JERUSALEM (Jan. 16)
The controversial amendment to the Law of Return demanded by Israel’s Orthodox religious establishment, was defeated by a vote of 62-51 on its first reading in the Knesset today.
The voting was largely along party lines. Labor MKs opposed it, following the lead of Premier Shimon Peres who called the measure devisive. Likud joined the religious bloc in support of the amendment. But three Likud Liberals broke ranks to vote against it. Another Likud MK abstained and five were absent from the chamber.
The voting was preceded and followed by acrimonious debate that spilled into the Knesset corridors after the balloting. Members of the different Orthodox factions not only denounced the nonreligious MKs but traded insults with each other over the defeat.
The amendment drew a powerful response from non-Orthodox religious and secular Jews abroad, particularly in the United States, when it was placed on the Knesset agenda last week. They warned in messages to Peres and other Israeli leaders that its adoption would create a serious rift between diaspora Jewry and the Jewish State.
The Law of return defines a Jew as a person born of a Jewish mother or converted. The proposed amendment would have added the words “according to halacha” which would invalidate conversions performed by non-Orthodox rabbis in Israel and abroad. The converts and their offspring would not be recognized as Jews in Israel.
PERES, SUMS UP OPPONENTS’ CASE
Peres, summing up the case against the amendment, called for national unity. “Our generation was called upon to find a way of ensuring the continuity of the Jewish people in times of change and great dangers,” he told the Knesset. “A way must be found to unify the people, not to cause rifts.” During the week’s discussion on the amendment, Peres reminded the proponents of the measure that “the gates of Auschwitz were open to all Jews, Orthodox and non-Orthodox, so surely the gates of Jerusalem must be open to all Jews.”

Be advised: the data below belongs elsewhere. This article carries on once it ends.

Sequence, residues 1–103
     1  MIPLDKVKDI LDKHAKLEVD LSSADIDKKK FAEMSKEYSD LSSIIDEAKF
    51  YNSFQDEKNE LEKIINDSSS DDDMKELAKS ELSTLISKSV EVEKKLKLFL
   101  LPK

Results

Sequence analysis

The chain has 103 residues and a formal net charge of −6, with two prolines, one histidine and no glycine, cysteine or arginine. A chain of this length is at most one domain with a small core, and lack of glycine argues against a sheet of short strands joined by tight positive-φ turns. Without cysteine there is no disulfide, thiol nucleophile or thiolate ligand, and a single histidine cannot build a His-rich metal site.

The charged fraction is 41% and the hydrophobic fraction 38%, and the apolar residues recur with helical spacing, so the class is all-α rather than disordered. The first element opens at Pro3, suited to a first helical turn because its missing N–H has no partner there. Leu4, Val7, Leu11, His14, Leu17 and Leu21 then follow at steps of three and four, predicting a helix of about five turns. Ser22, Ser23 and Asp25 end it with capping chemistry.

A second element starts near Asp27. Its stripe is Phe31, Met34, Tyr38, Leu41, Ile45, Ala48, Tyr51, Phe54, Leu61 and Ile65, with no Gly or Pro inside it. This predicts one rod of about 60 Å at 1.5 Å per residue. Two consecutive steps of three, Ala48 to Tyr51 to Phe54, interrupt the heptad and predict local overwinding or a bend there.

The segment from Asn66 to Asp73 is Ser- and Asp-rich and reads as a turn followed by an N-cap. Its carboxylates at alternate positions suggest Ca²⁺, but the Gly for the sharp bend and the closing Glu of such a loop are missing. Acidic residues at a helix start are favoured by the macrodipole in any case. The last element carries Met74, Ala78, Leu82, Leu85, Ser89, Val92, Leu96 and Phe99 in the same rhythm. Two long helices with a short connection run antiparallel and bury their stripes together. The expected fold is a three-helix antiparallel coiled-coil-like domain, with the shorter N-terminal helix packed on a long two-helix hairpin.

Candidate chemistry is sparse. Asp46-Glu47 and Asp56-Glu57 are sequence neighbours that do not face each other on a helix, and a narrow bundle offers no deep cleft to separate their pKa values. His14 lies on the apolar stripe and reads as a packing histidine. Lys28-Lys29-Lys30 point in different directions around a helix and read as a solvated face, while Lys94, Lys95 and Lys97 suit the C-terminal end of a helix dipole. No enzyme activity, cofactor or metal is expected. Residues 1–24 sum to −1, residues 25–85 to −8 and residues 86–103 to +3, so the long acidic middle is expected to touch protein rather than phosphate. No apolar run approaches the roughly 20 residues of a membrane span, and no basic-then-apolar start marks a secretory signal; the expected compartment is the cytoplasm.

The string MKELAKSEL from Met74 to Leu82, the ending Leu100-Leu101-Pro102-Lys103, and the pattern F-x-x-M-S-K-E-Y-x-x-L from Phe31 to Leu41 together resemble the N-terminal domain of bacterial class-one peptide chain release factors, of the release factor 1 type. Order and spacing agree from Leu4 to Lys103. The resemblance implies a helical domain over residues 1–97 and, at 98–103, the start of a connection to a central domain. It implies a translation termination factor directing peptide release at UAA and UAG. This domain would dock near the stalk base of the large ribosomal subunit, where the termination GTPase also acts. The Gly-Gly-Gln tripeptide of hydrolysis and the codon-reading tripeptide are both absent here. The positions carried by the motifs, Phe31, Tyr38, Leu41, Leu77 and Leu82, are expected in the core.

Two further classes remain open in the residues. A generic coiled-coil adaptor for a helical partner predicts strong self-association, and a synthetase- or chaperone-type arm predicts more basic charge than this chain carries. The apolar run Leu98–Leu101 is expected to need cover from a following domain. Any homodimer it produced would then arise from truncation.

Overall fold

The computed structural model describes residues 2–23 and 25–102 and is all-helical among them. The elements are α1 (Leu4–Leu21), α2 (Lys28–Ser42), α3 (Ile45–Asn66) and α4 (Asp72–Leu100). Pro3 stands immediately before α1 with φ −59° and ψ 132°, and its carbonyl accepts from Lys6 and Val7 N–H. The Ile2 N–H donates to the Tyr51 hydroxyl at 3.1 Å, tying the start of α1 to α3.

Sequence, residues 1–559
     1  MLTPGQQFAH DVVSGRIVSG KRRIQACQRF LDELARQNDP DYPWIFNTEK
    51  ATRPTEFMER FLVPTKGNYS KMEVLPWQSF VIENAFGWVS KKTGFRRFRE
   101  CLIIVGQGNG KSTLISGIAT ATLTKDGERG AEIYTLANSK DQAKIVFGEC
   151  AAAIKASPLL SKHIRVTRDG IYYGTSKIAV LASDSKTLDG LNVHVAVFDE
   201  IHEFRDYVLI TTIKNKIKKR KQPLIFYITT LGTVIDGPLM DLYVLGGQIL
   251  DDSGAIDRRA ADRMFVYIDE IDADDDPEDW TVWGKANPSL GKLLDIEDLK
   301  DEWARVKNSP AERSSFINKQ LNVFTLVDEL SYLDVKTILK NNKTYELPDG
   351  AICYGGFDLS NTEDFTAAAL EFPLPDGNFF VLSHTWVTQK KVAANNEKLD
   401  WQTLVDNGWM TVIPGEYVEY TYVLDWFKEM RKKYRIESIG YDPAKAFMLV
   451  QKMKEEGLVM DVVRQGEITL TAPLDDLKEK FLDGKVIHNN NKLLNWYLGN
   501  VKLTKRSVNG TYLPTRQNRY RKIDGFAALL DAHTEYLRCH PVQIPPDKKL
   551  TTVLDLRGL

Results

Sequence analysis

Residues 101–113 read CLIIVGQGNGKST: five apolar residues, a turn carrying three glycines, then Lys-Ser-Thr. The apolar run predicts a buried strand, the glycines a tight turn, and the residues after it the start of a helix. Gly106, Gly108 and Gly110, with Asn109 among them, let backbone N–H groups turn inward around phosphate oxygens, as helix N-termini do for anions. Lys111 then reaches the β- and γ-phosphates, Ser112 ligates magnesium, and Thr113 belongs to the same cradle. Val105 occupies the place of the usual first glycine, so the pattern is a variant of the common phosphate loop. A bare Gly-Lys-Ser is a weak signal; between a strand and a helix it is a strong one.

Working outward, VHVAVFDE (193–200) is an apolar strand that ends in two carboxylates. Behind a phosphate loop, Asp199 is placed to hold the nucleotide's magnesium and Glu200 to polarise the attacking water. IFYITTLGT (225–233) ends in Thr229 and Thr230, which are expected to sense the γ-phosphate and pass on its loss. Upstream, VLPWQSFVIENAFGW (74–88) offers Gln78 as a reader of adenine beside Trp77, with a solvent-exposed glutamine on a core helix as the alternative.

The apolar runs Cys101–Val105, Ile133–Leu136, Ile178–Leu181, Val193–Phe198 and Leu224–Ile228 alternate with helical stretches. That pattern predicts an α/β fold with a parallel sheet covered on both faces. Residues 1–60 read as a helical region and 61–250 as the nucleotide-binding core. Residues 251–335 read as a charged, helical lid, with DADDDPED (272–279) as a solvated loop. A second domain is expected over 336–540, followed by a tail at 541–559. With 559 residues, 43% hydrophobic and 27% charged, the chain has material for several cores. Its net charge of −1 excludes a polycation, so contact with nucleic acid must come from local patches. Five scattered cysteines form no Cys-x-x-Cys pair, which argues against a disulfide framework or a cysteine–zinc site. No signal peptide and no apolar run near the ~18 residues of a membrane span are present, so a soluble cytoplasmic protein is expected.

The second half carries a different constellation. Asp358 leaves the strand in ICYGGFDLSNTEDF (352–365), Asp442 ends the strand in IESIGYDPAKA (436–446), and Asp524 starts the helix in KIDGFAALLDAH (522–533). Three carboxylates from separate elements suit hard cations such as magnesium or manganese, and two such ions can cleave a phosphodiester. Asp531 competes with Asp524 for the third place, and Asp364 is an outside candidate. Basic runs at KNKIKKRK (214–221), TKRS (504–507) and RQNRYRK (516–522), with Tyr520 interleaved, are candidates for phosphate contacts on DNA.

Peres explained that the Law of Return, asoriginally formulated by the Knesset years ago, was a Zionist law rather than a religious measure and was not concemed with matters of religion or personal status.
The amendment went down to defeat when it was brought before the Knesset last year, under the sponsorship of the Agudat Israel party. This time it was introduced as a private member’s bill by MK Avner Sciaky of the National Religious Party. Its most vigorous proponents were members of the Habad Hasidic movement, acting on orders from Habad headquarters in New York.
Although all of the religious parties backed it, those within the unity coalition were technically not bound to take retaliatory measures against the government. The Orthodox Shas faction, which holds the Ministry of Interior, had threatened to leave. In the event, only one of the four Shas MKs announced he would resign, Yaacov Yosef.
One Labor MK, Rabbi Menachem Hacohen, supported the amendment. He had been released from party discipline out of respect for his rabbinical status. The three Likud Liberals who voted against it were Sarah Doron, Ariel Weinstein and Dan Tichon.
Two Likud ministers were absent-Minister of Commerce and Industry Ariel Sharon, who is in New York, and Minister of Tourism Avraham Sharir; three Likud MKs, Eliahu Ben-Elissar, Pessah Gruper and Uriel Linn were also absent, as was Rabbi Meir Kahane of the Kach faction. Bennie Shalita of Likud abstained.